By Ling-Mei Wong
When Carol Chin came to America, she did not speak English and worked in a sewing factory.
Today, Chin owns multiple McDonald’s franchisees in the Boston area, including the Chinatown location on Washington and Kneeland streets.
“Trust me, I love working every single day,” Chin said. “I love visiting my restaurants and saying hi to my employees.”
Chin’s parents emigrated from Guangdong, China, to Hong Kong, where Chin was born. When she was 11, the family moved to Caracas, Venezuela. She came to New York City for college, earning a bachelor’s in accounting from Long Island University.
“I had a very good job with the New York Board of Education,” Chin said. “I was one of the associate accountants and I managed a whole department there.”
After Chin had her second child, she stayed home four months and watched TV with her daughters. It was then that she noticed McDonald’s commercials and wanted to start her own business.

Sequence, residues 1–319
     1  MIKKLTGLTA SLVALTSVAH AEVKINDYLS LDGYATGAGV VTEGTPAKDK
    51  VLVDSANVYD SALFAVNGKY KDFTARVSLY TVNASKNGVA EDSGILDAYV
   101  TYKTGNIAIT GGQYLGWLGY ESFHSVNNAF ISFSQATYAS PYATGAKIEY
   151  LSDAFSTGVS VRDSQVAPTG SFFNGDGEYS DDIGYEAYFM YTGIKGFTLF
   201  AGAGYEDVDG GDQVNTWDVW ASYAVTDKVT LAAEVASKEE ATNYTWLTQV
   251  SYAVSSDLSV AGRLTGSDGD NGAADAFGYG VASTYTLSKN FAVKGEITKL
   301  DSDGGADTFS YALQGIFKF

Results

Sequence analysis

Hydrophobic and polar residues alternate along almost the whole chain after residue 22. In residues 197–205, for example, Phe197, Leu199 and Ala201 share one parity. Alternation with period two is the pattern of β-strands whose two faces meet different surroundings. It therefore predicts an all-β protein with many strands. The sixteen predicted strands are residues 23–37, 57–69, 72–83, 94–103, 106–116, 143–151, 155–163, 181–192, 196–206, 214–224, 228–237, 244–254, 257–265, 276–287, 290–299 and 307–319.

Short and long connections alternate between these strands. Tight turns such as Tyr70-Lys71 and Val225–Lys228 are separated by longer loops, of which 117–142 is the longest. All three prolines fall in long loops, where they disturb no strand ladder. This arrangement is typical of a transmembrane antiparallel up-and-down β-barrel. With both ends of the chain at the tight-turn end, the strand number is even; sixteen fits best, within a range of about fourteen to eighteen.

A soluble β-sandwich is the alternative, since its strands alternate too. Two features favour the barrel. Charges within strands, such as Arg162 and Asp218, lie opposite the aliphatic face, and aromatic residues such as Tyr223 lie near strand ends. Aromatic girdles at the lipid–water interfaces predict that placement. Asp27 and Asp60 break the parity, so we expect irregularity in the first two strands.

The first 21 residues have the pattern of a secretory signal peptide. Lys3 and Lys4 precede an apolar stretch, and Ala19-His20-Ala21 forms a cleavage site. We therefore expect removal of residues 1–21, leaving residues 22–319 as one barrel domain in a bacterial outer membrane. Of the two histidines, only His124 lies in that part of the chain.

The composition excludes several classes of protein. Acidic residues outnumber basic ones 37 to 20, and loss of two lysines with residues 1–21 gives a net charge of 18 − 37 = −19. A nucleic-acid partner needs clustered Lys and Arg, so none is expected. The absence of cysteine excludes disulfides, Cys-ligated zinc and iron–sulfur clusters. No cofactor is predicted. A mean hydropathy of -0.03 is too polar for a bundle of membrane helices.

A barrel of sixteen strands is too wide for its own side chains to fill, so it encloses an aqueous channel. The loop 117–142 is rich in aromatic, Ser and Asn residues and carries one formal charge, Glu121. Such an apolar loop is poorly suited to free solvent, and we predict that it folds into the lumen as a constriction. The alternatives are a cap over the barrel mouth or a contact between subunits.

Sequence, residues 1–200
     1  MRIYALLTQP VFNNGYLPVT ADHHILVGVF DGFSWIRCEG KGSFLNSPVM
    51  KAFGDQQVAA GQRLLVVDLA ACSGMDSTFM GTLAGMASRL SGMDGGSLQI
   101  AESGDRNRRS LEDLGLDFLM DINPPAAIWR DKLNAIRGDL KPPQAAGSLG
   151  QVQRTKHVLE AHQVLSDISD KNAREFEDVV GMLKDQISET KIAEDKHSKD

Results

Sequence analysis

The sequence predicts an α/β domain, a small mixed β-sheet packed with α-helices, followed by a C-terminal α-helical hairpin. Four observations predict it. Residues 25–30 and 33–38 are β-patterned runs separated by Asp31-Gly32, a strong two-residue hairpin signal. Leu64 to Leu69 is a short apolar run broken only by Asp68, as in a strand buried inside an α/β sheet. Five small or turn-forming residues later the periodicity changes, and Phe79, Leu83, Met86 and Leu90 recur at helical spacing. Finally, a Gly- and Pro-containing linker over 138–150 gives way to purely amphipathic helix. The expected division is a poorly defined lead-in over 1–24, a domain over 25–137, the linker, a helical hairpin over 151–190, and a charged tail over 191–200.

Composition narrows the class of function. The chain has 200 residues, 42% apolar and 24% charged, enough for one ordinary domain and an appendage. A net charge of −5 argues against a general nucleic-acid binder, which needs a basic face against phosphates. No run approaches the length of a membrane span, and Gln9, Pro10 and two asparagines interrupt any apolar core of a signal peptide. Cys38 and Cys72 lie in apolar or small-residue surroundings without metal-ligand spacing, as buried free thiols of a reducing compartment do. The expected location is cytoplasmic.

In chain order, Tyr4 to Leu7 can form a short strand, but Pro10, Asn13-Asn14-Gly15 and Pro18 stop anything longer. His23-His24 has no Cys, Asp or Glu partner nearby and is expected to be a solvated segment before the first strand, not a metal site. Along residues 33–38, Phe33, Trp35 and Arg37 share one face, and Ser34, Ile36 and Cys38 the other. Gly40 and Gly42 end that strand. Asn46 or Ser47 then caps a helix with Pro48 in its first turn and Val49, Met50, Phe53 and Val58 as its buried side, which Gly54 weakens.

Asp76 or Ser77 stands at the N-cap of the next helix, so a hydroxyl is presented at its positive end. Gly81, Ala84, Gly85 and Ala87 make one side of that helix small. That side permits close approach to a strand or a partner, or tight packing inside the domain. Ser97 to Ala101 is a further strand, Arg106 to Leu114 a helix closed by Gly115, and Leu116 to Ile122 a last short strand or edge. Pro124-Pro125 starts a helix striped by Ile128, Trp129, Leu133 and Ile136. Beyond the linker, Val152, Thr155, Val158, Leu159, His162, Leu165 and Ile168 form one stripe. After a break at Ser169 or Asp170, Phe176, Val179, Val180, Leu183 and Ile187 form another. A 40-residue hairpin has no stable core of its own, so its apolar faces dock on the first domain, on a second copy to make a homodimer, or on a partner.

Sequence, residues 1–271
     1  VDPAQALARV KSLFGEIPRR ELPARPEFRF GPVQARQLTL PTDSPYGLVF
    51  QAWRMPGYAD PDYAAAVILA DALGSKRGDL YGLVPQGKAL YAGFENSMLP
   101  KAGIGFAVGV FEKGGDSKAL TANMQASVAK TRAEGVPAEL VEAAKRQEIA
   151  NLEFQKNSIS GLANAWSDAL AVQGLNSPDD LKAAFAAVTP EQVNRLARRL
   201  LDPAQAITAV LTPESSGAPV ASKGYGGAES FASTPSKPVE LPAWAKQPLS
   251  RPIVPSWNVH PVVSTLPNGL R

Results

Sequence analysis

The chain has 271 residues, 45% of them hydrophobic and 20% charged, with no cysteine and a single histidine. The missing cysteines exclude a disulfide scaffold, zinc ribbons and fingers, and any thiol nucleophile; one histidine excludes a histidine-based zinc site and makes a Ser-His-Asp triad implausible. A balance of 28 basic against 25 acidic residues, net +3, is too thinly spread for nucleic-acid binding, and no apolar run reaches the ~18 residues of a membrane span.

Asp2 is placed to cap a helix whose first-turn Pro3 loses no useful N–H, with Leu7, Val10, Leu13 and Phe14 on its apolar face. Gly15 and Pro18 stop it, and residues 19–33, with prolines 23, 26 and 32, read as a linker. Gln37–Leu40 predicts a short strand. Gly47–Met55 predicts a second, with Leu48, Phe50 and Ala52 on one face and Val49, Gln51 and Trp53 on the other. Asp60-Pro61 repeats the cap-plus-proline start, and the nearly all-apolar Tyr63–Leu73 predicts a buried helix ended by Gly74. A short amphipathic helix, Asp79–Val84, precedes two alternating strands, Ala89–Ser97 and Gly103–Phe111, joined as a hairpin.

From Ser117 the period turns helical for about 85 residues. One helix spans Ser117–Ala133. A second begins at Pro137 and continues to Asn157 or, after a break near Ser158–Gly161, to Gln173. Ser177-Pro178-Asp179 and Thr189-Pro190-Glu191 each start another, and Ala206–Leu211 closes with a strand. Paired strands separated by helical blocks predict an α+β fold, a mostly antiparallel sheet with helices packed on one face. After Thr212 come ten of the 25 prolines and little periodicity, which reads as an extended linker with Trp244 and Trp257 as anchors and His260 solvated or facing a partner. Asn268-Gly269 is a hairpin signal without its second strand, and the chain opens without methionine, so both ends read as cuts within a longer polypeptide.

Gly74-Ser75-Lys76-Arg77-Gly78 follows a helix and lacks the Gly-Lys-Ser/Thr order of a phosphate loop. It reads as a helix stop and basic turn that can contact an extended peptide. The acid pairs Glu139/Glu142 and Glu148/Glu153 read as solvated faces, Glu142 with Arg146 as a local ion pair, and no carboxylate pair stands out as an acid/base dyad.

Chin and her husband finished a two-year training program for McDonald’s franchisees, right as Boston was looking for an Asian operator to run the Chinatown location. “We had just returned from Hamburger University and we opened the Chinatown store in 1990,” she said. “We’ve been there over 20 years. As a matter of fact, Dec. 22 is our 22nd anniversary.”
As an owner-operator, Chin works on people development and marketing. “In Chinatown, have you seen the sign for two fish sandwiches for $3.33?” she said. “That’s local store marketing, because we serve a lot of seniors. They come in pairs, so they each get a fish sandwich.”
To serve the community, she finds the right people for the Chinatown store. “We make sure we put a bilingual cashier up front,” Chin said. “In case a customer comes in and they don’t understand our food or they speak Chinese, hopefully we have a staffer who speaks their language.”
Chin’s success has enabled her to give back. “I’m also involved with the community,” she said. “We participate with the schools.”
Chin is grateful for the opportunities she found in America. “You have to work hard, no matter what career path you take,” she said. “Work hard. Gain knowledge. Go learn whatever you like. There are a lot of training programs in the Boston area that people can take.”